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It’s probably one of the most common questions asked amongst runners, as a way of establishing how hard someone is training. The logic being that the more we train, the greater the stress on the body – right?

Well, no.  Of course, all other things being equal, a higher training volume is harder on the body.  But given that almost no runner spends all of their time running at the same effort (nor should they) but rather includes a variety of different runs within training, you can’t simply apply this logic without taking factors such as the intensity of training into account.

So how did mileage become this yardstick used to quantify our training? The thing is, us humans like things that we can measure. We continuously over-emphasize the importance of that which we can measure easily, and under-emphasize that which we can’t. Take the school system for example; there’s an extreme level of importance placed on testing and memorizing rather than a more general ‘learning’ experience – simply because it’s something that we are able to test and record with ease. The more intangible aspects of education are often ignored.  Similarly, mileage has become this proxy for the level of our training because it’s the easiest thing we can measure. It’s simple and precise.

However, what we’re really looking to control and moderate in training is a more generalized ‘stress’ level on the body. Stress is caused in so many different ways in training, and merely looking at the volume of training will seldom provide a clear enough picture of the effect that it’s having on the body.  Of course, I’m sure that many of you are already thinking that such measurements already exist – apps such as TrainingPeaks use a ‘stress score’ measurement to try and account for the difficulty of training and its stress. However, these still need to be used with caution as they’re quantifying dozens of factors into a single score, when the reality is that there are far too many factors at play to do this; and many of which will be very different and unique from one person to another.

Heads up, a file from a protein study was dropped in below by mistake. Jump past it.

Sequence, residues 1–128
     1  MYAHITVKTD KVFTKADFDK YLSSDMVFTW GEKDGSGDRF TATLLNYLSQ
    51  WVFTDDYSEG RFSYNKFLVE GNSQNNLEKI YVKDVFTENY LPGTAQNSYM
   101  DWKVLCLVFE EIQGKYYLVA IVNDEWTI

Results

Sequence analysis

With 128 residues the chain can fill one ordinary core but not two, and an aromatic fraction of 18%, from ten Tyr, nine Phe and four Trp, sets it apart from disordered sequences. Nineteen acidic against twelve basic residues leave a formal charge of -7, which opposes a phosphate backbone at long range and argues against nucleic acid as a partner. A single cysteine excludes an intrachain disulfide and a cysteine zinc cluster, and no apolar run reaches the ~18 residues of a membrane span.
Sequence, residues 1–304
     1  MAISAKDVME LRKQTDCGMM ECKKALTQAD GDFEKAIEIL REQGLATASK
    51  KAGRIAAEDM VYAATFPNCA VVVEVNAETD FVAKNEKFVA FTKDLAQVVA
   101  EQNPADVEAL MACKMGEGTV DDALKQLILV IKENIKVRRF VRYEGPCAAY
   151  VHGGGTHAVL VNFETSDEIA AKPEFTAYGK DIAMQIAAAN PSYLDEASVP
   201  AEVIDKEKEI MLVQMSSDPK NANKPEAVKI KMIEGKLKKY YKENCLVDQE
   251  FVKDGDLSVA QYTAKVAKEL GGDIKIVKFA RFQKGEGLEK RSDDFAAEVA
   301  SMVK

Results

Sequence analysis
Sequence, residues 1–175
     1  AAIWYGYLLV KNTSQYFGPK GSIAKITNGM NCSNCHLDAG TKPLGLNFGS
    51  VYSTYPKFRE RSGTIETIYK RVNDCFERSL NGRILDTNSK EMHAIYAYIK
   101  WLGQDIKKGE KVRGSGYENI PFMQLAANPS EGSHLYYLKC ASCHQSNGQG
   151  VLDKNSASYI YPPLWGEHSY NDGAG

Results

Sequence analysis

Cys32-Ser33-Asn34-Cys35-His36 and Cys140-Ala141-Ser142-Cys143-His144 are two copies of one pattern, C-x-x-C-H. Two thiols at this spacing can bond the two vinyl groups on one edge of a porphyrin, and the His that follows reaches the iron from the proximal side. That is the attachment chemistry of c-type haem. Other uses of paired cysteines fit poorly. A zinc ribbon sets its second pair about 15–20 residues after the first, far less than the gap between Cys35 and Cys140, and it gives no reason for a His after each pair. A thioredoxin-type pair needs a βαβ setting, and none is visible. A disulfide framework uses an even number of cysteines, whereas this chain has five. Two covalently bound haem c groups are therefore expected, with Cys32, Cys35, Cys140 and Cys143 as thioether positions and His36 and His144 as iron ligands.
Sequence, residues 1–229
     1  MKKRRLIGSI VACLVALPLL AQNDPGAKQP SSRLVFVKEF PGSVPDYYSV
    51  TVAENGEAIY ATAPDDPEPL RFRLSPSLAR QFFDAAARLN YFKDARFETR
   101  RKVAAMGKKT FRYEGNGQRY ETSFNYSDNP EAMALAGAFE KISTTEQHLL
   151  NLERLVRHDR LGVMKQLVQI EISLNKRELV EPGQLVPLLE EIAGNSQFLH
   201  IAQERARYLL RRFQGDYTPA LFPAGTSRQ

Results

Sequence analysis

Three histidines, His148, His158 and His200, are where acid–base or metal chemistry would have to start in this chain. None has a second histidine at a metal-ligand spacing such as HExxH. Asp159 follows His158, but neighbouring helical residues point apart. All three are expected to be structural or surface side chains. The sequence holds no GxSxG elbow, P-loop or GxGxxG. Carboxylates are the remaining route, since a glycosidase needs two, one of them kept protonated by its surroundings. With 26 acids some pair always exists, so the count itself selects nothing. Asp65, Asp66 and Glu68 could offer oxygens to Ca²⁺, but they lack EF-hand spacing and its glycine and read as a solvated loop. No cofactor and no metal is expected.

So then what role does/should mileage play in regards to evaluating our training load? Of course, it’s ­­still an important factor and indicator to consider.  A good way to look at it is to see mileage as a result of training too, rather than only as a component of training. What this means is that we should look at mileage as something that has naturally accumulated through the various training that we’ve been doing – rather than something where we’re trying to hit a target merely for the sake of it.­  This is something that has become over-emphasized as we are constantly reminded of it – be it through weekly ‘Strava goals’ or other challenges based around mileage.

The point of this all being, try to look at mileage in a more holistic manner with regards to your other training. For instance; if my mileage has increased, has it been at the expense of other high-quality sessions within my training? Or perhaps I’ve spent a lot more time on the trails where one’s mileage will naturally decrease due to the slower pace of the terrain.

So; see mileage for what it’s worth, but don’t give it more importance than that. It shouldn’t be something that dictates your training, but rather something that can be used to show consistency and gradual progression within a well-balanced training plan.

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